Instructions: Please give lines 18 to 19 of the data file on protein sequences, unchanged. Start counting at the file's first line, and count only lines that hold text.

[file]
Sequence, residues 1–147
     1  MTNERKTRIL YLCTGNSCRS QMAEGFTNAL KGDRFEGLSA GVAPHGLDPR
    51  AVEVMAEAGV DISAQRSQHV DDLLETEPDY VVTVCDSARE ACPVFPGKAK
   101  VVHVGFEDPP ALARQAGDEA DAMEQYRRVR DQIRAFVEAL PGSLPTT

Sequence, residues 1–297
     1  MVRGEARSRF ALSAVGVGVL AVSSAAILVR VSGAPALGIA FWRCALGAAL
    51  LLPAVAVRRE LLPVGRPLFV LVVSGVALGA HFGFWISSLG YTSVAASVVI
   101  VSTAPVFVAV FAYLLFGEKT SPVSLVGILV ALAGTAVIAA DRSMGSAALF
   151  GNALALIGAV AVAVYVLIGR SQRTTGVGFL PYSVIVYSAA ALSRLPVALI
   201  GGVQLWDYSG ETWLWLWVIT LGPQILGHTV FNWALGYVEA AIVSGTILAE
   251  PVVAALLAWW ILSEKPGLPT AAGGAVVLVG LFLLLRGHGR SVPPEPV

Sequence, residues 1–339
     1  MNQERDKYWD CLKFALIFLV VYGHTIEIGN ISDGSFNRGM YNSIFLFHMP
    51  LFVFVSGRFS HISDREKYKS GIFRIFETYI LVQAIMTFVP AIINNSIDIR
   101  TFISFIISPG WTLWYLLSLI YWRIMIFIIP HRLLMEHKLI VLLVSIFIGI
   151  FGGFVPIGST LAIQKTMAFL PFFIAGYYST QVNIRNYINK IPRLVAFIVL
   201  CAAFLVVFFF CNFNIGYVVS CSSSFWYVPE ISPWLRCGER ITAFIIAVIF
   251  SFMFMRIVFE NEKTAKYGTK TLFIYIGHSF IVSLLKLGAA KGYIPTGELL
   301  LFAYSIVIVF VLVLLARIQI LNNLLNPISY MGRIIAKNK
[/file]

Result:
   251  SFMFMRIVFE NEKTAKYGTK TLFIYIGHSF IVSLLKLGAA KGYIPTGELL
   301  LFAYSIVIVF VLVLLARIQI LNNLLNPISY MGRIIAKNK